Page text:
A contest against No. 8 Michigan offers Maryland football another chance to improve

(Photo Courtesy of Maryland Athletics.)

The last ranked opponent of the Maryland football season will be unrelenting on all phases. No. 8 Michigan is rightfully a mainstay in the College Football Playoff conversation and Maryland’s execution will be paramount. 

It’s execution has been lacking all season. 

“The competitive nature, competitive culture that we want is there,” head coach Michael Locksley said. “Our guys played with great effort. And that’s one component of planning. The next piece of it is execution.”

The lack of discipline, mistakes and other self-inflicted mishaps can potentially come to a head in these final two games. At this juncture of the regular season, whether Maryland exits its season gracefully or with a whimper is dependent on, once again, the corrections it makes moving forward. 

Michigan, like every other top ten squad Maryland has faced this season, is dominant in many regards. Its balanced attack on offense has granted the Wolverines the second best scoring offense in the Big Ten, sitting only behind a record-breaking Ohio State. 

“We’ll have our hands full with this group because they are a well balanced team, well coached,” Locksley said. “Again, you know, they’ve done a great job of not beating themselves and putting themselves in a position where they’re competing.”

Cade McNamara is Michigan’s efficient, responsible quarterback and Hassan Haskins is its lead running back. Together, the duo has combined for over half of Michigan’s touchdowns in 2021 and headline an offense with talented athletes across the board. 

The defense is similarly productive. Linebacker David Ojabo and lineman Aidan Hutchinson top the Big Ten together with 10 sacks apiece. 

“Aiden Hutchinson is as advertised, will be probably one of the biggest defensive playmakers that we faced this year,” Locksley said. “A mixture of size, speed, tenacity. Really, really plays hard with a motor.”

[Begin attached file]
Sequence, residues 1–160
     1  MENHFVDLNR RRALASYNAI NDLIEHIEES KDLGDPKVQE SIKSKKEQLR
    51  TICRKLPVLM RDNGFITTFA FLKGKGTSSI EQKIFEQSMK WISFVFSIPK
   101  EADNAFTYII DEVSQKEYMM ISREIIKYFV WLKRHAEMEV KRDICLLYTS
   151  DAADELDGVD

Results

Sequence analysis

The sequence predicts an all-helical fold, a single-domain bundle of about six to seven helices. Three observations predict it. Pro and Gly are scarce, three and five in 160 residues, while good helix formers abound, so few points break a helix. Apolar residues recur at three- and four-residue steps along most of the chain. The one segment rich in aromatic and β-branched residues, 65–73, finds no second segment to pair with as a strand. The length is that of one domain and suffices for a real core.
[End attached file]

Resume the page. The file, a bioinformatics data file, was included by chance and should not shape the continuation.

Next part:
On paper and in terms of development there is a disparity between the two programs. One is vying for a Big Ten title and a chance to sneak into the playoffs and play against the best teams in the country, while the other is looking to be better than it was the week before and capture  bowl eligibility for the first time since 2016. 

For Maryland, losing is not entirely avoidable. But it can refrain from beating itself. 

As the second most penalized team in the Big Ten (70 penalties for 611 yards), there is plenty of room for improvement. And with the third worst Red Zone scoring percentage in the nation (64%) there’s a need for better execution. 

The Big Ten gauntlet Maryland has endured throughout its regular season has been unforgiving and lopsided in favor of the opposition. But for the seniors who’ll be sent off and for the fans who will be attending the season’s final home game, there’s an added significance to the standard and the proper execution this team needs to compete more favorably.

“It’s the last game for our seniors at home,” quarterback Taulia Tagovailoa said. “It would mean a lot to, you know, send them out the right way with a bowl game and winning the last time they get to play at the shell.”

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